When considering where to initiate conversations such as this, it’s important to involve the government institutions/departments implicated in the specific issue, as well as hosting other engagements inside the community to encourage that participation, as radio talk shows can sometimes be quite didactic in circumstances which other accompanying actions speaking to the topic being discussed are not there.

Civil society can and must promote women's participation in shaping SA

The role of women in shaping the new, democratic SA is well documented. However, their contribution to social change and development has often been underrepresented.

By: Dr Paul Kariuki

 

The role of women in shaping the new, democratic SA is well documented. However, their contribution to social change and development has often been underrepresented. Globally, according to the Inter-Parliamentary Union based in Geneva, more women were elected to national parliaments in 2017 than in 2016. This took them from 23% of seats to 23.4%. Although the increase was marginal, it was nevertheless encouraging that more women are recognising that they have the potential to lead and contribute significantly in society.

The South African government has made significant strides in recognising the role that women play in leadership.

For instance, in 2008, women made up 43% of the cabinet, and held 33% of the seats in provincial legislatures. SA’s first woman deputy president, Phumzile Mlambo-Ngcuka, was appointed in 2005.

The enforcement of electoral quotas for women is one of the major contributors to increasing numbers of women in national and regional leadership. Such electoral reforms should be encouraged as they are needed to continually challenge conventional norms about gender roles in society, which endlessly normalise leadership as a men-only domain.

Women empowerment is about addressing gender oppression, gender-based violence, sexism, racism and all other forms of exclusion that dehumanise women and limit their collective and individual capabilities to make informed life choices.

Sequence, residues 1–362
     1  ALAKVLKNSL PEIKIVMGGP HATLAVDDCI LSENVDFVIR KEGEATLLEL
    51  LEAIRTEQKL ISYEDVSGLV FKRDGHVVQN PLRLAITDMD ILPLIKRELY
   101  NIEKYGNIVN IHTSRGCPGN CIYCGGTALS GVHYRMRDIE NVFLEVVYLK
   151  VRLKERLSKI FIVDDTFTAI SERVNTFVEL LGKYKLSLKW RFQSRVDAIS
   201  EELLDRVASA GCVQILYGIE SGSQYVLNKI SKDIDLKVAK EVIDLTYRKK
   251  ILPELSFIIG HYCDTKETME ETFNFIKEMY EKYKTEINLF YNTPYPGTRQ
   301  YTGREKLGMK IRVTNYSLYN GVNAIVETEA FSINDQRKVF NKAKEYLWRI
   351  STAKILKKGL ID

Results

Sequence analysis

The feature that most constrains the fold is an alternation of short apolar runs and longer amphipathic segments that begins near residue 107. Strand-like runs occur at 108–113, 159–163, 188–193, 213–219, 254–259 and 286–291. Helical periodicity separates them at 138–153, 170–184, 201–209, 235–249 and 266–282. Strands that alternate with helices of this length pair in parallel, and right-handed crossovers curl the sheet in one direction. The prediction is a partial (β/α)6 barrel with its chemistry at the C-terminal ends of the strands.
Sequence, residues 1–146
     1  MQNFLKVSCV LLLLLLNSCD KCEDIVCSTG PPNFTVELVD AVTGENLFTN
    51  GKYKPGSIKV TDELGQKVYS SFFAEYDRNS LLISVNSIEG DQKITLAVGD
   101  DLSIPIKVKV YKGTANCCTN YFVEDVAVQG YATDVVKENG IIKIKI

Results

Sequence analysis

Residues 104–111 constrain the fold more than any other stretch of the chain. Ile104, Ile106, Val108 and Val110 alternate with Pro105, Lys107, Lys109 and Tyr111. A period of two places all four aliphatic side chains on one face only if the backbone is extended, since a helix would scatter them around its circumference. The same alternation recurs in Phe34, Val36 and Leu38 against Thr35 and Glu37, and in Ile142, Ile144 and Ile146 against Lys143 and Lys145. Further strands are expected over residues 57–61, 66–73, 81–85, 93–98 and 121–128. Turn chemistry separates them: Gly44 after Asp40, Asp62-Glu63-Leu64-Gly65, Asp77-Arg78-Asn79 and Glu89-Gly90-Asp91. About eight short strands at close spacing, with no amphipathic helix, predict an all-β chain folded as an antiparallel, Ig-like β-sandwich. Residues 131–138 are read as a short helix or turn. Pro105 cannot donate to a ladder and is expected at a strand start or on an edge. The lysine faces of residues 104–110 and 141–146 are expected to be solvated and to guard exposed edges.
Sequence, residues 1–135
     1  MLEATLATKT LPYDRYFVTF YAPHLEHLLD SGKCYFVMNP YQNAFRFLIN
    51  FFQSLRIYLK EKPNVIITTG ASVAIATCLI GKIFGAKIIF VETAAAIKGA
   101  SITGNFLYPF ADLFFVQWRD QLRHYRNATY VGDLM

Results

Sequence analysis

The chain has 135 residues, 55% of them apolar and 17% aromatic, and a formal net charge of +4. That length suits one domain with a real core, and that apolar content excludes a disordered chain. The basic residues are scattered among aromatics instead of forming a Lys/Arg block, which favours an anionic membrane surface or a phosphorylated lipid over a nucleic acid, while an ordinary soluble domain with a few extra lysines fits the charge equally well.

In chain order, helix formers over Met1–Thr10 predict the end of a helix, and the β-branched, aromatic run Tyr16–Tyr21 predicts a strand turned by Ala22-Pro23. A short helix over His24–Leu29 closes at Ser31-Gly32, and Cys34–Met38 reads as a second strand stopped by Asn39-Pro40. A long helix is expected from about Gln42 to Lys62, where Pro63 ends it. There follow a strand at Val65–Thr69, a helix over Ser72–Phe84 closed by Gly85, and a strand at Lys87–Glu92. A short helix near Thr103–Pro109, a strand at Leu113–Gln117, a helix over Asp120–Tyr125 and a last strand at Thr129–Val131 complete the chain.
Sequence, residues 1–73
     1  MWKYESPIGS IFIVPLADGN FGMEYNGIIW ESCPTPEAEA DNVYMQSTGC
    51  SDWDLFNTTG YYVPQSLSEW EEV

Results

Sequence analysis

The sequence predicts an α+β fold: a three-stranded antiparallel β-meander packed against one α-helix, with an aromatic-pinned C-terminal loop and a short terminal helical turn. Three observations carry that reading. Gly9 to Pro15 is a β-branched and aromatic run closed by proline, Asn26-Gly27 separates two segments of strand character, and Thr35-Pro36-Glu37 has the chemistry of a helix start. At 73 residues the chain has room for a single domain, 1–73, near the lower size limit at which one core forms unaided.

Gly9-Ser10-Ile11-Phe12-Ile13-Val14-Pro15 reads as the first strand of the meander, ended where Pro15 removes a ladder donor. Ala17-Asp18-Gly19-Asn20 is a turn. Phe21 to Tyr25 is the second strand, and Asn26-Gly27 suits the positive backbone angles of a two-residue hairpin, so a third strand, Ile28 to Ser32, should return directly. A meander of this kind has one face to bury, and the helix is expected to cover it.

While the above statistics are laudable, much remains to be done in enhancing significant representation of women across all sectors of the economy.

What can civil society do? The sector should continue advocating for electoral reforms to ensure political parties field genderbalanced electoral lists. This is a moral responsibility that every political party should embrace. The 2019 national and provincial election is a great test for the sector to ensure political parties walk their talk.

The sector should press for more structural reforms that allow more women to participate actively and equitably in the mainstream economy. This advocacy effort should promote equitable allocation of financial resources in the government’s development budgets, nationally, provincially and locally, for more women and girls to be trained in professions that were previously male-dominated.

Although there is a conscious effort from various professions to enable women to enter these professions, there are still pockets of systemic resistance to diversity and transformation. These need to be addressed urgently to promote gender sensitivity.